"It's hard to say. I met Quentin Tarantino once at a film festival at Sitges and I gave him the story outline of that Giger project. He seemed to be interested, but I've never heard from him again. But he's busy enough with his own movies. My experience was that in America it's even more difficult to get unusual stuff done because they only care about the profits. I don't care about profits that much. I care about it in a way, because otherwise you can't do it. Doing films is so expensive, it has to be commercial - but people don't treat me like I'm doing commercial movies. If you compare my movies to bigger ones, then a film like Nekromantik is commercially very successful because it made its money back very fast. Not because it was such a big seller, but because it was so cheap!
"So in a certain scene I'm very commercial, but people can't put that into a bigger context, that's the problem. The German producers are not used to trying to get their money back from the rest of the world. They always try to get their money back inside Germany, which is pointless. I didn't make the money for my films in Germany. It all came from the sales to Japan or to Spain or to France. If I had kept on selling my films only in Germany, then I would be dead by now, I think!"
"The Godzilla movies were the first movies I saw, and it always sticks to you. For as long as I can remember, I'm going to cinemas to watch Godzilla movies. In the late '60s I started when I was four or five years old - and it just never stopped. So when I heard that Roland Emmerich - our German Roland Emmerich - is doing a Godzilla movie now, I felt that it was time at least to do a book about those films over here in Germany. Because in Germany there's no literature about science fiction films, there's no literature about Japanese monster movies. The book I've written is mostly about Japanese monster movies, not only Godzilla but also the Gamera movies and so on. It's stuffed with 50 movies and it went down really well. It just came out three weeks ago and I did some promotional screenings with old Godzilla movies in Munich and Berlin and Hamburg. It went pretty well, so I hope at least the old Godzilla fans will grab the book. Maybe we might even get it to other countries."
Are the Godzilla films very popular in Germany?
"It's hard to say. People know who Godzilla is, but they laugh about it. Even the so-called serious film critics don't even bother watching them carefully. So my approach was getting the reputation of Godzilla in a better way out to the people. Because as film history they have so many things to offer that American monster movies don't have. This naive way of approaching the whole thing. They don't pretend to be realistic; they don't care about it. They just care about looking great! That whole concept. As a child of course, you are very attracted to large things that do what they want, because as a kid you are not allowed to do what you want. And that's what you want to do: you want to run around and smash everything. That's, I think, part of the concept why everybody is happy with Godzilla movies. All the metaphorical meaning in Japan is totally different; you really have to keep that in mind if you watch those movies to understand them."
"I think one of the reasons is that the Japanese did a film, which the American title was Frankenstein Conquers the World. That's where they really took the Frankenstein monster and put it into a Japanese context. That movie is the only one where Hiroshima actually happens on screen. That film came out quite early in Germany. Afterwards, they just tried to cash in on that Frankenstein name because Godzilla wasn't such a name in the late '60s and early '70s. So they just put 'Frankenstein' on everything - which is embarrassing! So if you have a movie like Godzilla Vs the Smog Monster, which is one of my favourites, in Germany the title translates as 'Frankenstein Vs the Devil-Monsters'. Which is even more strange than the film! That's very bad, but there is lots of good posters and artwork over here, and the book is stuffed with this kind of thing."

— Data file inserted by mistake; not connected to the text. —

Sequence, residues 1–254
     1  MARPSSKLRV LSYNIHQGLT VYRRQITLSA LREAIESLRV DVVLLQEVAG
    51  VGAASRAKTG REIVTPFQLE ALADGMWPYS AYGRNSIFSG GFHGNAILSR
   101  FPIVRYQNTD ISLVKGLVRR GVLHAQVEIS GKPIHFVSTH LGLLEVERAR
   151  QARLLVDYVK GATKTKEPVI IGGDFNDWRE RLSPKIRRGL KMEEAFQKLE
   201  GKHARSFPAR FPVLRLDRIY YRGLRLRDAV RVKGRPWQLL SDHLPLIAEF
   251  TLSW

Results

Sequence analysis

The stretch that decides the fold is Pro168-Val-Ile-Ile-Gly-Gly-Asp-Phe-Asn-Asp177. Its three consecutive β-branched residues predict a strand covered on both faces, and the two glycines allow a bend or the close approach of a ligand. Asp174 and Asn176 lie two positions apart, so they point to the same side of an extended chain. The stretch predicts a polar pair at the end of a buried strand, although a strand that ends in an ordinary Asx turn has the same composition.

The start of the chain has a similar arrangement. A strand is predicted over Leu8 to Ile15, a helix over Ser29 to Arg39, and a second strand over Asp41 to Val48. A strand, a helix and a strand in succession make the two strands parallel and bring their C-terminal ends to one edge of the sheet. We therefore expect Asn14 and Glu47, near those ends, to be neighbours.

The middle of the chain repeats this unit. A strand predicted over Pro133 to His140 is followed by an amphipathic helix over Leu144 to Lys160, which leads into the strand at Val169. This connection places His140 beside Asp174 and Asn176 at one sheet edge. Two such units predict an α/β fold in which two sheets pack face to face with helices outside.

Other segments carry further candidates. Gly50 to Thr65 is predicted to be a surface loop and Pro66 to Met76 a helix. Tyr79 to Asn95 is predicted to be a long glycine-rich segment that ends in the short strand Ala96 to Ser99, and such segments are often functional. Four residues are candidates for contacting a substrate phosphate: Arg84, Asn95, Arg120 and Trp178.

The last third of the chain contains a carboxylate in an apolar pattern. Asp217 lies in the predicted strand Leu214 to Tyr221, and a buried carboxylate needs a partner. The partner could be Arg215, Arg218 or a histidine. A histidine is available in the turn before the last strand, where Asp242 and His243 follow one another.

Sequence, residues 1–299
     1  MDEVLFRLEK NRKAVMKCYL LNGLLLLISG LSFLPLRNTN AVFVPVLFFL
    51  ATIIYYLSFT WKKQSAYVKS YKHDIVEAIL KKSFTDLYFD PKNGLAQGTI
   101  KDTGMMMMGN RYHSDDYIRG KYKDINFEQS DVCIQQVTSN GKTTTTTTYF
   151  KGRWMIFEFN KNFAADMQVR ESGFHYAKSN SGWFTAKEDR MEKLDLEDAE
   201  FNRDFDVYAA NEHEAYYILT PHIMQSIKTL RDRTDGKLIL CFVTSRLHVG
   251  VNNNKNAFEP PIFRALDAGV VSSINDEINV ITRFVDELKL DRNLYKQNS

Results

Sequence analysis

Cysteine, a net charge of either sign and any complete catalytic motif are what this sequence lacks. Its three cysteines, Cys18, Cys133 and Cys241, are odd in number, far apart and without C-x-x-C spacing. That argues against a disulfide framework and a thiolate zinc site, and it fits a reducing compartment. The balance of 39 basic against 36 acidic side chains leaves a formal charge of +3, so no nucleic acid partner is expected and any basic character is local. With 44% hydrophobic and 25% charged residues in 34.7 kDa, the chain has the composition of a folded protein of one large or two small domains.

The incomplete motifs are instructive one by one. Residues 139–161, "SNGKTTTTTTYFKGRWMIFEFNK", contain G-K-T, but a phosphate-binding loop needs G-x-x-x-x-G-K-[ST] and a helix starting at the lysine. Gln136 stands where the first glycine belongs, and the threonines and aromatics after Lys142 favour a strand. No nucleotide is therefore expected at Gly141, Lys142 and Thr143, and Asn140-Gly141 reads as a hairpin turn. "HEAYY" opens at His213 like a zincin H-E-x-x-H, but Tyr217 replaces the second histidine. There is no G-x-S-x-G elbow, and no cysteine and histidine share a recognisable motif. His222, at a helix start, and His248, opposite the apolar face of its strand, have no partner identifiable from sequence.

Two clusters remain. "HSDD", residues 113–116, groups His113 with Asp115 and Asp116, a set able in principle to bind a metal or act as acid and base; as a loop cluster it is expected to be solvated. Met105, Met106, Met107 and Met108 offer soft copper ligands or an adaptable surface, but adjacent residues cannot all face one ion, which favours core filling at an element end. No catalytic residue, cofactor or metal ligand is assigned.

Did the 1990s Godzilla films come out in Germany?
"One small distributor was trying to get Godzilla Vs King Ghidorah out in the cinemas, but after two months the distributor went bankrupt. I don't know if that was a good or bad thing! So it was mainly straight to video, far more than you have in Britain. The thing is that after 1993 Toho didn't sell the world rights of the later movies because they were waiting for the American movie to be released, then they can make even more money. That's the idea; they don't want to spoil the market for the American production. Older films like Godzilla Vs the Smog Monster have also disappeared over here. I can still get hold of one 35mm print, and I screened it two weeks ago in East Berlin at the book presentation, but officially it's not available any more. I just got a list of DVDs from the US that are coming out. King Kong Vs Godzilla is announced for May. It's mainly the same thing that they put out in America all the time: Godzilla, King of the Monsters, the Raymond Burr version; Godzilla Vs Mothra, the '64 version; Godzilla's Revenge, Terror of Mechagodzilla and Monster Zero. Which is great, but you have Monster Zero also."
These films have far too many titles.
"That's also one part of the book: a whole film index. The German, British, American and Japanese titles are all in there."
Have the recent Gamera films come out in Germany?
"Only the first one, Guardian of the Universe. But after a while, I just started getting the laserdiscs from Japan. Far more satisfying. And now that DVD is getting further, it will be a new challenge to get those films in better versions. You have standard and widescreen versions, you have production notes, you have remastered sound and picture quality: all those things that are necessary! Warners are doing a great job. If you watch Mars Attacks!, it's really mind-blowing. You have freeze-frames as clear as photos."